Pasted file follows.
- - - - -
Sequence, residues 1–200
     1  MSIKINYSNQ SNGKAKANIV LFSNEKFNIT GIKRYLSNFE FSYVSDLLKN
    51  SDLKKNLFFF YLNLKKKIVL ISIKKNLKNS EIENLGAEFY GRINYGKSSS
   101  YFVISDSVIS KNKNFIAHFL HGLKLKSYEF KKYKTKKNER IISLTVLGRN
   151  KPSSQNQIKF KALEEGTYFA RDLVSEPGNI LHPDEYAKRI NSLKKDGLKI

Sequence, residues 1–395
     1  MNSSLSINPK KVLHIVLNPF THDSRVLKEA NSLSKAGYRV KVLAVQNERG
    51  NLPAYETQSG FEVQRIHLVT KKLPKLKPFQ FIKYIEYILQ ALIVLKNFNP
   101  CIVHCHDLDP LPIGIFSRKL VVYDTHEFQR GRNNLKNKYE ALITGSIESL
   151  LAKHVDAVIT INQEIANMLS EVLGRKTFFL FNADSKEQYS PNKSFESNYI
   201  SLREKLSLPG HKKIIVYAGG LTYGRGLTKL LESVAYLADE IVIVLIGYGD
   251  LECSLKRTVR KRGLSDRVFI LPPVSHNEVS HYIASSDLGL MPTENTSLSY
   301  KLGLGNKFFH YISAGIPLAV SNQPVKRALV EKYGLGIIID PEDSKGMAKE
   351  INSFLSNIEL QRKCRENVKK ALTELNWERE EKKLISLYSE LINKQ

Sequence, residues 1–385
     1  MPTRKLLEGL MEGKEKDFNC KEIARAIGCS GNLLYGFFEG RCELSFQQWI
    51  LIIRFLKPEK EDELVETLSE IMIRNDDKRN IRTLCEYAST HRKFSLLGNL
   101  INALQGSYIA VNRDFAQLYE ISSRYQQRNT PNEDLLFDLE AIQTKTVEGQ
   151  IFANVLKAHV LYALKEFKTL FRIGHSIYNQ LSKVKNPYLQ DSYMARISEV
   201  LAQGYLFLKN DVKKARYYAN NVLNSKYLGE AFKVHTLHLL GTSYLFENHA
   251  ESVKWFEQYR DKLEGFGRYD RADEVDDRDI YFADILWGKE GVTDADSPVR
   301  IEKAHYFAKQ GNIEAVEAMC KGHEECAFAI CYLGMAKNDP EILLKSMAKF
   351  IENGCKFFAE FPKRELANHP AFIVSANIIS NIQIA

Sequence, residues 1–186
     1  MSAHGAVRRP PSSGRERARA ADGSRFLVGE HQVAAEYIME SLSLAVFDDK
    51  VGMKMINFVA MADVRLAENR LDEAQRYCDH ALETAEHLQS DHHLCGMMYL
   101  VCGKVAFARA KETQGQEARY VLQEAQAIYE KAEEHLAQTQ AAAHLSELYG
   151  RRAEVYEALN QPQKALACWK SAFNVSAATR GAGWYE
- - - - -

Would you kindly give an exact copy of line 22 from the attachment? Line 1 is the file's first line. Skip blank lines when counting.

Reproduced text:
   301  IEKAHYFAKQ GNIEAVEAMC KGHEECAFAI CYLGMAKNDP EILLKSMAKF